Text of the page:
Coronavirus

We have been sharing thoughts and concerns . . .


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published
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Authored on :
14/03/2020by :
Jenny Sprince

Groups of APPCIOS members have been meeting via Zoom, and discussing the impact of coronavirus. 

Because we are so used to communicating through the internet, and have members throughout the UK and beyond, we are aware of a variety of reactions.  We've been thinking together about how hard it is to strike a balance between denying the extent of the danger and getting into a panic - and that's particularly the case in England, where we're being encouraged to carry on more or less as usual.    

This is particularly difficult for members who are coping with the demands for close contact in their work who may also have a responsibility towards friends and relatives who fall into vulnerable categories, and who may need greater protection.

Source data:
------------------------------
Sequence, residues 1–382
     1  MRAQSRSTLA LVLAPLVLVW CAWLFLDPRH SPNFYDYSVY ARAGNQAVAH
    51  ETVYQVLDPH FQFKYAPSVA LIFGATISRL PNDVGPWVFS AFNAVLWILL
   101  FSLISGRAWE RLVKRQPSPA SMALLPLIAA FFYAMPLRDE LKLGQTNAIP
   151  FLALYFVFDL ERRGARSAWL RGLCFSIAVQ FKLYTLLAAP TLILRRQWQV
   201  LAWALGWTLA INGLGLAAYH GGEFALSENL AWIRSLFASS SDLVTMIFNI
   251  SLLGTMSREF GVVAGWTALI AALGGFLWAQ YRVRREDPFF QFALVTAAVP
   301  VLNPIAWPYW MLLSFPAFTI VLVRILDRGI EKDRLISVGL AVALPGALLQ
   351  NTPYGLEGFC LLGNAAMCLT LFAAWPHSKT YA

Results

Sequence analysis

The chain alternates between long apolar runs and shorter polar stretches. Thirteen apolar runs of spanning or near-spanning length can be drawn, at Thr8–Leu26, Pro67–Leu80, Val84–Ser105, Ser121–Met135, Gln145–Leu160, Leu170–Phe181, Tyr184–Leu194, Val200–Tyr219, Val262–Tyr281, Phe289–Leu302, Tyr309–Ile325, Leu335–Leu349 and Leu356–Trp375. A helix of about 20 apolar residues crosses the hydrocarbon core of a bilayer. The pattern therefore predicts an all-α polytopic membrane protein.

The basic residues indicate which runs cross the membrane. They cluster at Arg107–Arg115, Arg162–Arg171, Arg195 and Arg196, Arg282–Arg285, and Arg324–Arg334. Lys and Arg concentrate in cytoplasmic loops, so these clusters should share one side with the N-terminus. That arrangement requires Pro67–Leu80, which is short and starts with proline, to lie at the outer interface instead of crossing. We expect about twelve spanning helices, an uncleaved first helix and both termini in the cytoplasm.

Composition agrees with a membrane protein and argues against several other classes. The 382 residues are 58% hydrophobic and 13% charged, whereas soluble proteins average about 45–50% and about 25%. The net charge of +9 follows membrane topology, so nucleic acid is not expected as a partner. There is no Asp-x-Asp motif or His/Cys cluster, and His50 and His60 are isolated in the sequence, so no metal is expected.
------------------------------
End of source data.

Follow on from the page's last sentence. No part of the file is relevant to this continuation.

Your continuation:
Do please tell us of your experiences, and let's try to support one another with our thinking.  


Comments

Susan Maciver

16/03/2020

I live in a beautiful semi- rural town in Scotland and until Friday I was fairly blase about the risks of CV19. So what made the difference: the input of  a close relative who has a senior role in a hospital and a series of very heart felt Guardian articles and my adult children. As a healthy 69 year old it was quite a shock to reasses myself and acknowledge my previous lung problems and slight heart condition together with my age made me a vulneravle adult. I am a helper professionally and personally, how could I be considered to be in an at risk group?

I am slowly getting my head round this. I have arranged to see all my clients by zoom, skpye or facetime. I have to give up the delight of picking up my grandchildren from school 3 times a week: I expect in a week their school will be closed. We have a plan to have regular zoom times with them. But I'll miss them terribly and know I'm a significant attachment figure for them.